Should You be Receiving Veteran Aid and Attendance Benefits?

Should You be Receiving Veteran Aid and Attendance Benefits?

Should You be Receiving Veteran Aid and Attendance Benefits?

While this may not apply to everyone here on USA Carry, we have many vets on the site so I thought this would be a good article to put out there.

Should You be Receiving Aid and Attendance Benefits?

The Aid and Attendance is an improved pension that helps cover the costs associated with assistance in bathing, eating, dressing, taking medication or  helping with other needs for veterans and their surviving spouses. This also includes those who are blind or living in long-term care facilities due to physical or mental incapacity. It is important to also be aware that Aid and Attendance benefits may cover assisted living facility care.

For whatever reason, individuals wondering, “Do I qualify for veteran benefits?”, often overlook this important pension but it can be extremely helpful for those who are in need of additional money to assist with the costs associated with caring for loved ones. Aid and Attendance can help pay for nursing homes, assisted living or in-home care. In fact, an eligible veteran could receive up to an additional $1,632 per month and a spouse could receive as much as $1,055 per month.

Important Facts

  • Aid and Attendance is paid in addition to any monthly VA benefits you may already be receiving.
  • In a recent study, it was found that only 17 percent of widows who were eligible were receiving these benefits because they can by typically confusing to apply for.
  • Qualified veterans also receive full VA healthcare as well as prescription benefits.

Are You Eligible?

  • Do you require the help from another person to perform everyday functions such as eating, bathing, dressing, adjusting prosthetic devices or managing prescription medications?
  • Are you bedridden or disabled?
  • Do you live in a nursing home because of your mental or physical health?
  • Are you nearly or completely blind?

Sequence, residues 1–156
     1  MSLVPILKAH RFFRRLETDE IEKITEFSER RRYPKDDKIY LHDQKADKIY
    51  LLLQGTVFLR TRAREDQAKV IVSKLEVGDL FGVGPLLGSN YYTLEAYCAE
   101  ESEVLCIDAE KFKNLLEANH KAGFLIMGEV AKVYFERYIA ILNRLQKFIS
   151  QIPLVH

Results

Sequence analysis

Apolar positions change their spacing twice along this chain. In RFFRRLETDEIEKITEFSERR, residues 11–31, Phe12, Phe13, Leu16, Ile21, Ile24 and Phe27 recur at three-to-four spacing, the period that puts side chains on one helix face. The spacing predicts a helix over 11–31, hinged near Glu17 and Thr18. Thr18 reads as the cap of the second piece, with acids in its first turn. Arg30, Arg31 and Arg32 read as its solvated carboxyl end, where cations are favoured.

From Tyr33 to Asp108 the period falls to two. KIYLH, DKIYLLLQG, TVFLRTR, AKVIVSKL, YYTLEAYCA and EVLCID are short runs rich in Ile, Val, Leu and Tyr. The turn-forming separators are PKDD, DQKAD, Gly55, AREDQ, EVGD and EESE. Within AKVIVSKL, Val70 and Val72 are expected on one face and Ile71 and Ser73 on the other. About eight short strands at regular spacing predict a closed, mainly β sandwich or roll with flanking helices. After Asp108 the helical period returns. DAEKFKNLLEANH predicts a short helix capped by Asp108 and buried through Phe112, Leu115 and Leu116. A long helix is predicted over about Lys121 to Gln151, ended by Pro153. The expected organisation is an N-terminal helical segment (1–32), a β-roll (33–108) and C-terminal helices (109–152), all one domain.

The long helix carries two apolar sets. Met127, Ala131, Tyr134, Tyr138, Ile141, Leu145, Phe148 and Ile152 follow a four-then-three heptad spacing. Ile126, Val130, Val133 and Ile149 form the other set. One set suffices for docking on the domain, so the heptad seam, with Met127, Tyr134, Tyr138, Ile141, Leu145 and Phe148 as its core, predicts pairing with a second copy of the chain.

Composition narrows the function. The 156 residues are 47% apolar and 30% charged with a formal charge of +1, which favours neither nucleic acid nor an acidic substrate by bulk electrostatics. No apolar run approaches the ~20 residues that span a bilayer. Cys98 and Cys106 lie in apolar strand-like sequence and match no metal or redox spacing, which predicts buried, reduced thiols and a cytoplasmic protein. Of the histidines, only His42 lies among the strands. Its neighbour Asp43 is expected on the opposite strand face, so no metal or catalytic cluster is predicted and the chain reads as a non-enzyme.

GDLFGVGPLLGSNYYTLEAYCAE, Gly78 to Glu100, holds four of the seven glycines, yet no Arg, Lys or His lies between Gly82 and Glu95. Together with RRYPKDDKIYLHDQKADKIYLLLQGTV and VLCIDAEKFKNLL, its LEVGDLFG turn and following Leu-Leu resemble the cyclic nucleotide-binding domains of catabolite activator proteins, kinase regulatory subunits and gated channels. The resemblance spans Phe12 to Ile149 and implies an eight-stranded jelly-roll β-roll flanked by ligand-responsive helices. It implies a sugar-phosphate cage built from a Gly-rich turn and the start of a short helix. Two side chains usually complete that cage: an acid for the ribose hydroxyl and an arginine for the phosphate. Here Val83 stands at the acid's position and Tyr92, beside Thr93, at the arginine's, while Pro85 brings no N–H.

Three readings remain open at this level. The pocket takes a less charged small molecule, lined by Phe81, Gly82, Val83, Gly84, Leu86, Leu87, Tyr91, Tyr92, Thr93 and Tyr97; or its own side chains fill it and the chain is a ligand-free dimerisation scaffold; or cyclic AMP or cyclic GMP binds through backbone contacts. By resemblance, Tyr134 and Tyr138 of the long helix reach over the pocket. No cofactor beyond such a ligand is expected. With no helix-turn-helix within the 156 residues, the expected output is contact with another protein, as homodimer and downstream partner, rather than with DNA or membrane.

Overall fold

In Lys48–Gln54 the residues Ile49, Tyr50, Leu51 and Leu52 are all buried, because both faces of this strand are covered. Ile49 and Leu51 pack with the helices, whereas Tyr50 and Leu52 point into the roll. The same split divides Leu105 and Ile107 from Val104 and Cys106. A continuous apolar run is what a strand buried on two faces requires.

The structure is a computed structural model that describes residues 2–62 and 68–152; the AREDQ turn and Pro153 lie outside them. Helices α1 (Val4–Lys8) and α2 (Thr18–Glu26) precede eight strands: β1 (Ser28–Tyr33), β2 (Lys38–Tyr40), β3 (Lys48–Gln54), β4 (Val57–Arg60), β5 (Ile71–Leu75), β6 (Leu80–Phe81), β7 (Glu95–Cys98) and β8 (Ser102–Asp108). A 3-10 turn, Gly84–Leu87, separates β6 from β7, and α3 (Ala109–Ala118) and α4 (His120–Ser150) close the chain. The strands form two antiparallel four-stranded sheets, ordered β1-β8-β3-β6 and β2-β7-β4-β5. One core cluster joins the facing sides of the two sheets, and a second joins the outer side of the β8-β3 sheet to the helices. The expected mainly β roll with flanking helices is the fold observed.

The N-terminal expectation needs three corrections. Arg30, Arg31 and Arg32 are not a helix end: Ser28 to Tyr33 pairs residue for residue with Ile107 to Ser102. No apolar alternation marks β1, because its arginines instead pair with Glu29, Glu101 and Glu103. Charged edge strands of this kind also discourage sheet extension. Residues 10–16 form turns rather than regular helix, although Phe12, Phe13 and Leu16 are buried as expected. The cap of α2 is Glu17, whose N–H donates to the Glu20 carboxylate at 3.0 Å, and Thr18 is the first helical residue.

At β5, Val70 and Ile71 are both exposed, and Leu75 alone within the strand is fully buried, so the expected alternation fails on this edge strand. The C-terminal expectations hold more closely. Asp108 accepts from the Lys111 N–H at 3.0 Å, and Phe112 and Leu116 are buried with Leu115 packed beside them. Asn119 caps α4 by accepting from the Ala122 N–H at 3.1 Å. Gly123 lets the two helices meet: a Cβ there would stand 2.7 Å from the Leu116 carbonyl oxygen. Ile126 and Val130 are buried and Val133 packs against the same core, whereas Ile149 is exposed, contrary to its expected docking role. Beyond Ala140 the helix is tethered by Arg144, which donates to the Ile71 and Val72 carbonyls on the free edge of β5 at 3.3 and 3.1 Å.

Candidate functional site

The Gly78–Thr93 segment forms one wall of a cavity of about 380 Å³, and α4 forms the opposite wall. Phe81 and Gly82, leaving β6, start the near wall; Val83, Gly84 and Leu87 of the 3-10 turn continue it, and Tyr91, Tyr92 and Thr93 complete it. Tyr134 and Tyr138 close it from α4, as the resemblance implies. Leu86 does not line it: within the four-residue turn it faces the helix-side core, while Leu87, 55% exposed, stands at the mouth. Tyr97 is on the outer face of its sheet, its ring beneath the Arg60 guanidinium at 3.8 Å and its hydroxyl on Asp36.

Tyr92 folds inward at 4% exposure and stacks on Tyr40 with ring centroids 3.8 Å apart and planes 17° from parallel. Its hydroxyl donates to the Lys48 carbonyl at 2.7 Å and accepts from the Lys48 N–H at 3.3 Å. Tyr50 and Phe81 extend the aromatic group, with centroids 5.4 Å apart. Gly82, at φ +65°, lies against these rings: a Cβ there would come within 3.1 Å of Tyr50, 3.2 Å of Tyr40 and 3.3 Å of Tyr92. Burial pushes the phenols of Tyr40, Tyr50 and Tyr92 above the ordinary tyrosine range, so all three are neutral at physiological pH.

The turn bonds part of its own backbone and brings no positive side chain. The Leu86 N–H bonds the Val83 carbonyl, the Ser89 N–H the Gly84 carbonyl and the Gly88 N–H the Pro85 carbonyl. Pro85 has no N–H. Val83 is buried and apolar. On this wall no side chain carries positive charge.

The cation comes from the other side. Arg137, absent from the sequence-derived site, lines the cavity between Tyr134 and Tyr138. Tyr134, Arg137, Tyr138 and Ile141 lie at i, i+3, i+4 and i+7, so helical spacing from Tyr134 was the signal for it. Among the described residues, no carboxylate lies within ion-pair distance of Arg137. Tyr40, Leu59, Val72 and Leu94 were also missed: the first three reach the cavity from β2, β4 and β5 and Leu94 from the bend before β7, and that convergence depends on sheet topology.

Applying for Aid and Assistance Benefits

While you are permitted to apply for these benefits on your own, it is never recommended. Not only can the process take an exhausting amount of time this way, you will not be qualified to properly handle any disputes that may arise.

Since VA benefits depend a lot on your current assets, you are advised to work with an Elderlaw attorney who specializes in VA benefit applications. You are typically not charged a fee to process your application however; you may be responsible for fees pertaining to estate planning and power of attorney.

It is never too early or late to start planning for your future because you can’t predict what the future may bring. A little time now can go a long way in making your future lessstressful and more enjoyable.

About the Author
Marty Fogarty is an expert to go to if you are wondering how to apply for VA benefits. He specializes in Elderlaw planning and VA benefits at The Heartland Law Firm. Marty loves that the Internet can be used to connect people with solutions to their problems and now he can a larger quantity of eligible individuals to receive the VA benefits they deserve in less time.

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  • Davis98

    I’m a Vietnam era vet I have been trying to get my percentage rasied for HCV for 4yrs now they bog you down wih paper change therules and everyother thing you can think of not to pay for destroying your life.

  • EIEIO

    While many veterans use an attorney to advocate in their behalf for benifits. Most if not all services for veterans can and are supplied by the American Legion, VFW, DAV or other service organizations at no charge. You do not have to be a member of these organizations to receive help. I am a veteran’s service officer.

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